Afghanistan has a poor, agrarian economy with a small manufacturing base, few value-added industries, and a partially dollarized economy. More than 55 percent of the population lives below the poverty line. International financial and security support has been instrumental in growing the Afghan economy from a USD 2.4 billion GDP in 2001 to USD 20.1 billion in 2018. In addition, various estimates place the value of the informal economy to be about USD 4.1 billion, based in part on illicit activities. Government expenses will continue to far exceed revenues, resulting in continued dependency on international donors for the foreseeable future, although the Government of National Unity (GNU) has been able to increase tax revenue by implementing reforms and improved tax collection procedures.
The drawdown of international forces from 2012-2014 significantly slowed economic growth as demand for transport, construction, telecommunications and other services fell. Economic growth averaged only 2.3 percent annually from 2014-2017, with the same rate of growth estimated for 2018. Much higher growth rates are required to support a three percent annual population growth and roughly 400,000 new entrants into the labor market each year. The IMF notes that a return to growth is conditioned on improvements in the security sector, strong reform, and investments in key economic sectors, such as mining and agriculture.
Agriculture remains Afghanistan’s most important source of employment: 60-80 percent of Afghanistan’s population works in this sector, although it accounts for less than a third of GDP due to insufficient irrigation, drought, lack of market access, and other structural impediments. Most Afghan farmers are primarily subsistence farmers.
The World Bank’s Ease of Doing Business rating for Afghanistan increased in 2019 to #167 from #183 in 2018, driven by reforms in the ease of starting a business, getting credit, protecting minority investors, revenue collection, and a new insolvency law. The government has undertaken several important reforms to attract Afghan private-sector and foreign investment, including promotion of public-private partnerships and streamlining the business license registration process. In 2017, the government consolidated business licensing procedures under the Afghanistan Central Business Registry (ACBR). The ACBR extended the validity of business licenses for three years and reduced the licensing fee. Afghanistan continues to have a small formal financial services sector and domestic credit remains tight.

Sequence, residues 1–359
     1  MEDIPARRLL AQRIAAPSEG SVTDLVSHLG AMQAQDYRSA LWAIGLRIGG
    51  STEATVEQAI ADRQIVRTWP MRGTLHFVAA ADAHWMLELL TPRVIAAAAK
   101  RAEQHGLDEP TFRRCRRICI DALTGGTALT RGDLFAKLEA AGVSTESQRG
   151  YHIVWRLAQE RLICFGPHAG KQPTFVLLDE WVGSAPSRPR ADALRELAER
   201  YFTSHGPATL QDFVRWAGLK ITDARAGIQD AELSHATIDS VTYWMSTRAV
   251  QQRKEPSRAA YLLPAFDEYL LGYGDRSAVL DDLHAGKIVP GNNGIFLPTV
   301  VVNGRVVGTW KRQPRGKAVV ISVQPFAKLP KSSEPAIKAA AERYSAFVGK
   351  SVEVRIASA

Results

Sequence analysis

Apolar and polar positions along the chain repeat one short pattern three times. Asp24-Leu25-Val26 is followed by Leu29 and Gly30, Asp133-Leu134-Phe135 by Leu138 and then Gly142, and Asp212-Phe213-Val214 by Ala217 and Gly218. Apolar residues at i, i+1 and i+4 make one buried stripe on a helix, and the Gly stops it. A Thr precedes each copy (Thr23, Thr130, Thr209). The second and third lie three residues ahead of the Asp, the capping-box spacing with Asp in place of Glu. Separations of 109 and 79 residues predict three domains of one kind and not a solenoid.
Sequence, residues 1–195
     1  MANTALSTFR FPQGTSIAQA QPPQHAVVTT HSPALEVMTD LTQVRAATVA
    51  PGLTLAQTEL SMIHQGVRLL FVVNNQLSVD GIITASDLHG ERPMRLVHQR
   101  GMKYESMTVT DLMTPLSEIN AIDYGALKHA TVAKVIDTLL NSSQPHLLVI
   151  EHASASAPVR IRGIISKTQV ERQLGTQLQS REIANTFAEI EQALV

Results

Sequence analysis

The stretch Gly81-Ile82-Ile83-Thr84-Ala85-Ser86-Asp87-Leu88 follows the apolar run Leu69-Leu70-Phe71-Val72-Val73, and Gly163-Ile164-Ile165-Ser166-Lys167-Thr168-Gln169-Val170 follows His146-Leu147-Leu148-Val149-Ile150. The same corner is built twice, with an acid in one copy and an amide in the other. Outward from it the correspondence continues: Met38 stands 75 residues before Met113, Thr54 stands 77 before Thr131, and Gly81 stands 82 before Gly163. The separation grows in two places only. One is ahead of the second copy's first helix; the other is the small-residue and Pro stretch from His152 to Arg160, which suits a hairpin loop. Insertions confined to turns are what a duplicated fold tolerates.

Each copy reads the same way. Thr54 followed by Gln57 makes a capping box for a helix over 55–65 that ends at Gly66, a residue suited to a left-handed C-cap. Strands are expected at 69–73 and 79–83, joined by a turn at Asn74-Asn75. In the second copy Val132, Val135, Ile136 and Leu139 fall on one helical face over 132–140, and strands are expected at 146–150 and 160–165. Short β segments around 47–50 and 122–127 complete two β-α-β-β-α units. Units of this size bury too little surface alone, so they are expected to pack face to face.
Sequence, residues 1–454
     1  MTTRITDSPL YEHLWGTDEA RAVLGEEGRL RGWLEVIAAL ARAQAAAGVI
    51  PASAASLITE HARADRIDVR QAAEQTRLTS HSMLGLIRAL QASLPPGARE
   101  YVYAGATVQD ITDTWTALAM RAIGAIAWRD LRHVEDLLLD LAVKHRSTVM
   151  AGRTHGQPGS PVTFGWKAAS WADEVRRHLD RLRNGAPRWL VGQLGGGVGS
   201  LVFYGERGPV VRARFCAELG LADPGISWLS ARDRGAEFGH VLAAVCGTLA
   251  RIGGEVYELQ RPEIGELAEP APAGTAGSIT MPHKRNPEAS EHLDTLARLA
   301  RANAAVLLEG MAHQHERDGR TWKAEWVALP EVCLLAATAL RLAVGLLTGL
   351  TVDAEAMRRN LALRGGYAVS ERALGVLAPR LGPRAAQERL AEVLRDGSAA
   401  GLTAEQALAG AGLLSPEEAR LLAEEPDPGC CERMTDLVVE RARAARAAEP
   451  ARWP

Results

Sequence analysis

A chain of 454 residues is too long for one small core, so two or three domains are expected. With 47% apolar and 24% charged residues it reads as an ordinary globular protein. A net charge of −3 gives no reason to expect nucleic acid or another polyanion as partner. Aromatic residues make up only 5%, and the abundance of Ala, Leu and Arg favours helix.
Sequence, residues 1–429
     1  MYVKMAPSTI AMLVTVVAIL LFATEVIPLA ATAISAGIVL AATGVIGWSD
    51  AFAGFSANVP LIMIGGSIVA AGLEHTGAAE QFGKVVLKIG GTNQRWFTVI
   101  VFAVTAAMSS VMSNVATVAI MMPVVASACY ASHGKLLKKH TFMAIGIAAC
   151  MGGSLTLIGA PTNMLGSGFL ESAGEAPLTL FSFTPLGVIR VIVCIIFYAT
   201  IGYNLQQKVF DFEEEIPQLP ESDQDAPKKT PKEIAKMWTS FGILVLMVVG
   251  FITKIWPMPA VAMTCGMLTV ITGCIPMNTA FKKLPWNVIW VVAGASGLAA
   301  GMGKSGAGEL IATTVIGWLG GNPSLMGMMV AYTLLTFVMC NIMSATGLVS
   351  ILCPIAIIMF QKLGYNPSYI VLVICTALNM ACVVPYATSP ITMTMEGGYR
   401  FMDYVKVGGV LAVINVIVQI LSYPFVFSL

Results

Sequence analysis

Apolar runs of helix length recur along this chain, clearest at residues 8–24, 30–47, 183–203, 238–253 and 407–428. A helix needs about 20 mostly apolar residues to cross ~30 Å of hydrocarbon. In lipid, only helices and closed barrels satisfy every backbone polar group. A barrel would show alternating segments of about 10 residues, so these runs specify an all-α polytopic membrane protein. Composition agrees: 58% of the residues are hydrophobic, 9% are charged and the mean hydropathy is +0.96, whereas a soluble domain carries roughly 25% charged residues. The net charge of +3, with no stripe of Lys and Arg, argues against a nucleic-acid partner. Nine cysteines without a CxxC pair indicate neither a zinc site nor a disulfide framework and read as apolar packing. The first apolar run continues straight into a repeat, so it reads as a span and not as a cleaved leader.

Significant challenges to business in Afghanistan remain, due to the country’s still-developing legal environment, varying interpretations of tax law, inconsistent application of customs duties, persistent insecurity, and the impact of corruption on administration. Afghanistan’s legal and regulatory frameworks and enforcement mechanisms remain irregularly implemented. The existence of three overlapping legal systems – Sharia (Islamic Law), Shura (traditional law and practice), and the formal system under the 2004 Constitution – can be confusing to investors and legal professionals.
While Afghanistan’s security challenges remain headline news, other challenges also significantly impact the business environment. For example, corruption often hampers fair application of laws, regulatory bodies lack capacity, and financial data systems are limited. Furthermore, although government officials express strong commitment to a market economy and foreign investment, Afghan and foreign business leaders report this attitude is not always reflected in practice. Private sector leaders routinely note that some government officials levy unofficial taxes and inflict bureaucratic delays to extract rents.
|TI Corruption Perceptions Index||2018||172 of 180||https://www.transparency.org/country/AFG|
|World Bank’s Doing Business Report “Ease of Doing Business”||2019||167 of 190||http://www.doingbusiness.org/en/rankings|
|Global Innovation Index||2018||N/A||https://www.globalinnovationindex.org/gii-2018-report|
|U.S. FDI ($M USD, stock positions)||2017||$19M||https://ustr.gov/countries-regions/south-central-asia/afghanistan|
|World Bank GNI per capita||2017||$550||https://data.worldbank.org/indicator/NY.GDP.PCAP.CD?locations=AF|